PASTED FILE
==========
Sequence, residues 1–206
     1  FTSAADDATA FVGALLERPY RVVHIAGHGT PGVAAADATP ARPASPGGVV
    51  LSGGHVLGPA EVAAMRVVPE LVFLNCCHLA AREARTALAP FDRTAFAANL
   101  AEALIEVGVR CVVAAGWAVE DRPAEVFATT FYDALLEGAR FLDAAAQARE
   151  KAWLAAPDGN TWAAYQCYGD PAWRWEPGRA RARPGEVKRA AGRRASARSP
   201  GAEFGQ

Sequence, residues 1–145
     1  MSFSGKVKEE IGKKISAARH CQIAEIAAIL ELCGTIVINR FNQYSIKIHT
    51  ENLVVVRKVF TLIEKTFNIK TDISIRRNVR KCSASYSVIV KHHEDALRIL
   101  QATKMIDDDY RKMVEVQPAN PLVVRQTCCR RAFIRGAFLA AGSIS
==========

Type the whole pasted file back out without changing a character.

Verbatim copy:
Sequence, residues 1–206
     1  FTSAADDATA FVGALLERPY RVVHIAGHGT PGVAAADATP ARPASPGGVV
    51  LSGGHVLGPA EVAAMRVVPE LVFLNCCHLA AREARTALAP FDRTAFAANL
   101  AEALIEVGVR CVVAAGWAVE DRPAEVFATT FYDALLEGAR FLDAAAQARE
   151  KAWLAAPDGN TWAAYQCYGD PAWRWEPGRA RARPGEVKRA AGRRASARSP
   201  GAEFGQ

Sequence, residues 1–145
     1  MSFSGKVKEE IGKKISAARH CQIAEIAAIL ELCGTIVINR FNQYSIKIHT
    51  ENLVVVRKVF TLIEKTFNIK TDISIRRNVR KCSASYSVIV KHHEDALRIL
   101  QATKMIDDDY RKMVEVQPAN PLVVRQTCCR RAFIRGAFLA AGSIS